“God threw Adam out of Eden for eating an apple,” they can caution their students. “That’s called being heavy-handed, children.”

Cursing all women for eternity because of Eve’s choices?

“That’s called collective punishment, children,” they can warn the young. “Don’t do that.”

“Boo!” the children will jeer.

I was raised strictly Orthodox. Old school. Shtetl fabulous. Every year, at the beginning of the Seder, we welcome in the hungry and poor Jews who can’t afford to have a Seder themselves. It’s a wonderfully human gesture. A few short hours of God later, at the end of the Seder, we open the front door and call out to Him, “Pour out thy wrath upon the nations that did not know you!”

And God does. With plagues and floods, with fire and fury, on the young and old, the guilty and innocent.

And we humans, made in his image, do the same. With fixed-wing bombers and cluster bombs, with self-propelled mortars and thermobaric rocket launchers.

“Why did God kill the first-born cattle?” my rabbi said. “Because the Egyptians believed they were gods.”

Killing gods is an idea I can get behind.

This year, at the end of the Seder, let’s indeed throw our doors open — to strangers. To people who aren’t our own. To the terrifying them, to the evil others, those people who seem so different from us, those we think are our enemies or who think us theirs, but who, if they sat down around the table with us, we’d no doubt find despise the pharaohs of this world as much as we do, and who dream of the same damned thing as us all:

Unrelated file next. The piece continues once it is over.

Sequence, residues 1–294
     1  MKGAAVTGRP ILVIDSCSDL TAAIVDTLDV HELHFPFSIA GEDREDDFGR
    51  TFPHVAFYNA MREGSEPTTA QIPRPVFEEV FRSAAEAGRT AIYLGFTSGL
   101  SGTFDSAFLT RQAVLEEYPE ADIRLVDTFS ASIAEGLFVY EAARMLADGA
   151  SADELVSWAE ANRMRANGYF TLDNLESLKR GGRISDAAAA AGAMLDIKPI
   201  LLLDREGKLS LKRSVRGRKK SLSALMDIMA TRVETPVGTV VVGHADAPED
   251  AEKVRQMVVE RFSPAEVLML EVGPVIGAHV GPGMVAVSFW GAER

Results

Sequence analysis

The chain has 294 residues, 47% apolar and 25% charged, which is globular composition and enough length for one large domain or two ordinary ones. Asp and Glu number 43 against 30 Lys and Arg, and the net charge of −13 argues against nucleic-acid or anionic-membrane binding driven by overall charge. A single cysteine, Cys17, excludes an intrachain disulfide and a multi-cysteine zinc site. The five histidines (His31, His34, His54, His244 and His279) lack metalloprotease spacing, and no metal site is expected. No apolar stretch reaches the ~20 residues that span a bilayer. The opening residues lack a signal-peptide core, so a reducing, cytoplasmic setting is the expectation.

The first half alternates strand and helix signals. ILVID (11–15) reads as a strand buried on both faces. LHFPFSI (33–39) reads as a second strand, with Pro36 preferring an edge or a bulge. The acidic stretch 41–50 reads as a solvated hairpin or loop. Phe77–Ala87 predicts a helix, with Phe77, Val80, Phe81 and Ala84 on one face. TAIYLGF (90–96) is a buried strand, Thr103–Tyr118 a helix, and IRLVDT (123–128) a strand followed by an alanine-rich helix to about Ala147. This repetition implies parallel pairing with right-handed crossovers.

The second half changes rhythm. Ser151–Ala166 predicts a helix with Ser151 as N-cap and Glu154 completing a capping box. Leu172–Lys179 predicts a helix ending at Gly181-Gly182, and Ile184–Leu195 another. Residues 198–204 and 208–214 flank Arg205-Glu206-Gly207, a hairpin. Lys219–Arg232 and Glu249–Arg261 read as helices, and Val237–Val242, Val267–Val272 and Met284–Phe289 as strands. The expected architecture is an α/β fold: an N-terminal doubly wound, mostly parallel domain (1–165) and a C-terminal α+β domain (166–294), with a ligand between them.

3 thoughts on “In This Time of War, I Propose We Give Up God

  1. My parents were raised Hard Shell Baptist, and, when we moved, favored Southern Baptist preachers who colorfully described the way your skin crisped in Hell. Not great for a child with a good imagination. I remember walking down to Sunday school and marching back to Mom, who was home with my newborn brother, clutching a pamphlet on the five steps you must follow to be saved and avoid Hell. What about people born in rural areas in Africa, I questioned. Have little kids there even heard about these five steps? Mom assured me they would somehow be afforded an opportunity to hear. Made no sense. What about someone born into a family with a different religion? Do they go to Hell because they followed their family’s beliefs? Later, I would question why “Your good works are as filthy rags,” if they are not done in the service of the Lord. Certainly my dad hit me, sometimes forgetting which was the leather end and which the buckle end, but I knew for sure that he’d go to Hell himself rather than prepare to sacrifice me, no matter who commanded it. Abraham was wrong, but God even more so for asking it, I concluded. I struggled with what I believed, trying to hold onto some belief in a Supreme Being, until 2016, when Christians chose a “broken vessel” to put this country right again and the last wisps of belief were blown away.

    Liked by 1 person

    • Wow, thank for your comment. My dad was raised as a Baptist but once he came of age, he never set foot in a church again except for weddings and funerals. He said religion had been “crammed down my throat” and it completely turned him off. I have been struggling lately with understanding how a loving God would allow little children to be blown to pieces in Ukraine. I guess it’s a mystery.